This Is What A 20MW Solar Farm Looks Like

One of the key features of Apple's upcoming North Carolina data centre is its mammoth field of solar panels, which aim to provide the data centre with the majority of its power. Although the solar farm in progress is a whopping 100 acres and aims to put out 20 megawatts, that's only 60 per cent of the data centre's expected draw.

Even unfinished, the field of panels is staggering in its magnitude. Kind of makes you wish you had one in your backyard, right? That and a backyard big enough to fit it. [GigaOm via Engadget]


Comments

    what a waste of space, nuclear ftw

      good idea! then we can just dump the waste in your back yard ok..

        Agreed, we can only go Nuclear once we can deal with the waste properly, as renewables are nowhere near as efficient yet.

          You can dump all the waste that an MSR would generate for powering my entire life in my back yard. Dig a hole 5 metres deep and I should be fine. It probably wouldn't even increase the background radiation found naturally around us all that much, definitely not going to give me cancer unlike my mobile phone. Then in like 20 years when the worst of the isotopes have decomposed you can do it again with the next 500 grams of waste for my children.

            +999999999
            Alternatively, dump it down some holes at coober pedy, or olympic dam or ...

      I agree that its sad that they cut down a forest to build the thing rather than, say, build it over a car park.

      Yeah, nuclear is great ...

      Well, until something goes wrong, when it becomes not great in insidious and far-reaching ways.

        Thorium Reactors FTW!!!

      Nuclear isn't actually as sustainable as many people think. If the whole world went nuclear today we would have fuel shortages within 100 years. Its a potential stop gap and has even greater potential when paired with various other forms such as Solar, Wind, Hydro and the greatest of them all tidal.

    On the subject of nuclear waste, Australia solved that problem decades ago, look up synrock and wonder why we haven't adopted it.

      Probably because it didn't work.

      My bad. I checked again and it does work just no one seems to want to use it.

      Well... synrock doesn't block radiation, just traps the waste itself to prevent it from contaminating ground water etc. So I don't know if it's a solution as such... Depends on the problem.

    OMG poor tree... : (

    Fffffff that's bigger than I thought it was from pics I saw a while back and providing 60% is actually not a bad effort considering but I wonder if thats based on the 20mw of that array or taking into account the second 20mw array still under way. Also aren't they doing some sort of gas power plant onsite too?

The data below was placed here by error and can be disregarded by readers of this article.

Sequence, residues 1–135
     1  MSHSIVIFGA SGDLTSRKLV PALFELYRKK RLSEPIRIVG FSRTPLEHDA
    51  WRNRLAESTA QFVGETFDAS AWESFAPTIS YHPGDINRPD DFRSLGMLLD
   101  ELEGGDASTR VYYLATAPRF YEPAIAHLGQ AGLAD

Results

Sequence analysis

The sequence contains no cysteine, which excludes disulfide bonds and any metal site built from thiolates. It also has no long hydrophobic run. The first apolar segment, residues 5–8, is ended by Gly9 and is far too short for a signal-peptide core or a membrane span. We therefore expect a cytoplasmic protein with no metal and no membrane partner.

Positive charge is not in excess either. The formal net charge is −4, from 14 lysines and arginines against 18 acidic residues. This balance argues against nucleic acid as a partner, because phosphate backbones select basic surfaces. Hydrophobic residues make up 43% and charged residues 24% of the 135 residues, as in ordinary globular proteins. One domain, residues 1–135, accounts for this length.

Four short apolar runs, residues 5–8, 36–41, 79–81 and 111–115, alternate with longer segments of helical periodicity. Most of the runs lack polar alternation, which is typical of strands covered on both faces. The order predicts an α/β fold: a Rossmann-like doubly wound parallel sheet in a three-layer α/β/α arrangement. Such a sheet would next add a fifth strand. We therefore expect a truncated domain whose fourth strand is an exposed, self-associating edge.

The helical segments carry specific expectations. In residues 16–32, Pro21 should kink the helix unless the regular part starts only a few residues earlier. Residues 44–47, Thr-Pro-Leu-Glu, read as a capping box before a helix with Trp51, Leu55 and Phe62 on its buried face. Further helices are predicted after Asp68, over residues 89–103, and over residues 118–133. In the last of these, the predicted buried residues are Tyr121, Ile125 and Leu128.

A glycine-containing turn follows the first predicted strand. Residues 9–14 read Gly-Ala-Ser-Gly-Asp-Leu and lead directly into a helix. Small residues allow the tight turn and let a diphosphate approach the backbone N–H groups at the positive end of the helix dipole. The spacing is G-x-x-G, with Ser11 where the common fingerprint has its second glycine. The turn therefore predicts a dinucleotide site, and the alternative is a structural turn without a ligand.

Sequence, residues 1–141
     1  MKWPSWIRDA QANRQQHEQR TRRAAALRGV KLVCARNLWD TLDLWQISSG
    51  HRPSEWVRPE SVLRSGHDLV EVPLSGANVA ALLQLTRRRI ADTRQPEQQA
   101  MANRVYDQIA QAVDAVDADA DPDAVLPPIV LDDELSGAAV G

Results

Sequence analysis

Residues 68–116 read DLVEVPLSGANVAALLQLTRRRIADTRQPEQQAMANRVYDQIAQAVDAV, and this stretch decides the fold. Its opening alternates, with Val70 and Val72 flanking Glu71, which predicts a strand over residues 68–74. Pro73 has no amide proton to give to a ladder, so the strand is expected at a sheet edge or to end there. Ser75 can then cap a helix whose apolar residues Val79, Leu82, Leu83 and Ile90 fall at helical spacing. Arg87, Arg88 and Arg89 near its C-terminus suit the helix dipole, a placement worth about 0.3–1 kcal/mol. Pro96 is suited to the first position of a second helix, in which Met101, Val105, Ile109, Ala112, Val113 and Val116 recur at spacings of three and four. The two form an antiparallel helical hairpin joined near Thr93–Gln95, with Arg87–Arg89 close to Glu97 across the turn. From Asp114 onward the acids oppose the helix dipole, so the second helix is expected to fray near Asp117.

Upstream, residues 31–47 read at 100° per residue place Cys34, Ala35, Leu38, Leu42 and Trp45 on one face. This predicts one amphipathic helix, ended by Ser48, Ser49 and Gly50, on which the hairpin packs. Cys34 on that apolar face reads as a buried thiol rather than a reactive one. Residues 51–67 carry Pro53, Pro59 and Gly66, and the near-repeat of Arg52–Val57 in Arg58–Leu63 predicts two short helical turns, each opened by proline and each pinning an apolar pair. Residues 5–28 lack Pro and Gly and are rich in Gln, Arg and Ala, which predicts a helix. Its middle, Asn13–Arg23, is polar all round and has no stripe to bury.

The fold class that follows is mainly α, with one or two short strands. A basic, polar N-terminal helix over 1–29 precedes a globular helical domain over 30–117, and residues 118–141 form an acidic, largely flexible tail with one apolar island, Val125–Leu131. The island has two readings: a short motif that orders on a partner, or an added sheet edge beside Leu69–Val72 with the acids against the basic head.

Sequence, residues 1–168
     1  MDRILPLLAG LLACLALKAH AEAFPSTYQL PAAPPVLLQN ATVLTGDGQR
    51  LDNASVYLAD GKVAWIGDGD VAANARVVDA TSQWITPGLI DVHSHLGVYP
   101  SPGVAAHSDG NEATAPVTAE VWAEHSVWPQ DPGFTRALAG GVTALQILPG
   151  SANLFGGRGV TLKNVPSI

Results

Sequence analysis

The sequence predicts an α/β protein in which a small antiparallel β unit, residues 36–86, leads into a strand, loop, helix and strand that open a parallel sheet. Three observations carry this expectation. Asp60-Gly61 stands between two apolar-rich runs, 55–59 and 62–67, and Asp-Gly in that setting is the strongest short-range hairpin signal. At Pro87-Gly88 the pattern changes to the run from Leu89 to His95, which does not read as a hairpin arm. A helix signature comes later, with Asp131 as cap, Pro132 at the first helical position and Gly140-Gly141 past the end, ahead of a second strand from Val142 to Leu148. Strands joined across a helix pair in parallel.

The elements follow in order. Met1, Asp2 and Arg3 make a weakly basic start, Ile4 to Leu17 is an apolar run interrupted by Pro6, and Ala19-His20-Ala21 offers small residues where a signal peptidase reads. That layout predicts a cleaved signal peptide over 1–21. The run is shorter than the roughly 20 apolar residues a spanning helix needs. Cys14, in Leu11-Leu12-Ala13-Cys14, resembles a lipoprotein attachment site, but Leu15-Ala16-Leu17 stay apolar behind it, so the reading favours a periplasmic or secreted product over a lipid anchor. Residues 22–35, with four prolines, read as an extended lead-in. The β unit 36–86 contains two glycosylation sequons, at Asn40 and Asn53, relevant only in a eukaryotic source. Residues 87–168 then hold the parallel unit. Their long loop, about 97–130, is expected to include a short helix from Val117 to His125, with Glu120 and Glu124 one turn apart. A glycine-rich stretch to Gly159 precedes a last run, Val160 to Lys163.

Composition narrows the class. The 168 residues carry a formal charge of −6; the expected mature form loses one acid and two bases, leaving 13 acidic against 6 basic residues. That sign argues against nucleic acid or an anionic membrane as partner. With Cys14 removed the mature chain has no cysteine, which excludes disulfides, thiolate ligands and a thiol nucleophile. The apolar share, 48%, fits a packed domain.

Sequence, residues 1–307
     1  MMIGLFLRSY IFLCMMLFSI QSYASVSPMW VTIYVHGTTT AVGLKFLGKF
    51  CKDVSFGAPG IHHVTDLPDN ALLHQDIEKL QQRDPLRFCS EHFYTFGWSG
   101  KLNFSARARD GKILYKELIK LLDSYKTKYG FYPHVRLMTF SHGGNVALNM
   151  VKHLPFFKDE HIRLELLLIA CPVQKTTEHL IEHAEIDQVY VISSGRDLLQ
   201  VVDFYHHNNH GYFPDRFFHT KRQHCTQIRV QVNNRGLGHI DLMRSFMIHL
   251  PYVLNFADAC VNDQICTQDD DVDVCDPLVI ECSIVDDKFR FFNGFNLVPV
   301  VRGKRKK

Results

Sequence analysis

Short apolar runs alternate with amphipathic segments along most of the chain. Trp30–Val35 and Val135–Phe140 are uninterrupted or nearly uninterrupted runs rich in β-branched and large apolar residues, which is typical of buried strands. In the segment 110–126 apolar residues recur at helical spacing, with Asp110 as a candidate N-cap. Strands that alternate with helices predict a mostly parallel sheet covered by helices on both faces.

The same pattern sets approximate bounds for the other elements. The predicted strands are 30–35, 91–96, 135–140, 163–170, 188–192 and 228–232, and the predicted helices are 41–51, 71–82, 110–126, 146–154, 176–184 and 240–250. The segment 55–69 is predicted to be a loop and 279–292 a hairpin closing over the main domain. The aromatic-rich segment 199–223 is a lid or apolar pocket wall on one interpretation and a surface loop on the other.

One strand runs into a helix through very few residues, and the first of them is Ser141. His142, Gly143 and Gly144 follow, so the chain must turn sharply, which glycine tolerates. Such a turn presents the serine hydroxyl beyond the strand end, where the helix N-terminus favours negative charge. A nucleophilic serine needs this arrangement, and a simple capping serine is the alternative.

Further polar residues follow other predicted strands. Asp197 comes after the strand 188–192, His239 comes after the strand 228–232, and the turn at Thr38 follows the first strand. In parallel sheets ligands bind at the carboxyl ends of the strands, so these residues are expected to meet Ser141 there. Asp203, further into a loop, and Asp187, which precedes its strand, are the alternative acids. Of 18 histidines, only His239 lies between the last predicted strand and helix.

Put the waste in a rocket and shoot it into the sun.

    Good on them!

    Nuclear... what is this? 1958? Yup, glorious nuclear energy for all, in the fuuuuturrrrreeee... Let me just pull up my silver undies.

      80% of Frances electricity comes from nuclear energy along with 30% of the power for the entire EU. Nuclear is the future and if everyone could get over this perceived danger we might actually make it.

        Just don't build them on fault lines or in the path of tsunamis! Australia would be a perfect country to build nuclear reactors due to our relatively stable tectonic plates and large uranium deposits.

    Wonder if that output will be generated or they just claim that and its actual power output will be nowhere near it. Plus if it is only 60% coverage what happens at night?

    Nuclear is great, if you use the right system design.
    Fast breeders are the ones you guys are all hating on. Do a little research on LFTR designs (Liquid Flouride Thorium).

    Best invention ever.

      no waste, no meltdown, virtually unlimited and near-free fuel.

      First, no commercial scale LFTR reactors exist. And secondly they bring a host of their own problems including (contrary to Charliem's claim) a waste that is highly radioactive. Check
      http://en.wikipedia.org/wiki/Liquid_fluoride_thorium_reactor
      if you doubt.

        The waste is not only highly radioactive, but soluble, making storage extremely hard unless it was converted into a glass-like state.

        That's really neat though. I already have a small Tritium rod that lights up my keys in the dark. I'd love a completely decayed chunk of nuclear waste that had been converted into a transparent state for storage.

    Meh, a lot of money to pay for a technology that is fast evolving. In a few years they will be able to put in some hydrogen fuel cells. Hell even the humble solar panel is evolving by the year.

    Small in Comparison to the kogan job im working on!!

    http://kogansolarboost.com.au/about/

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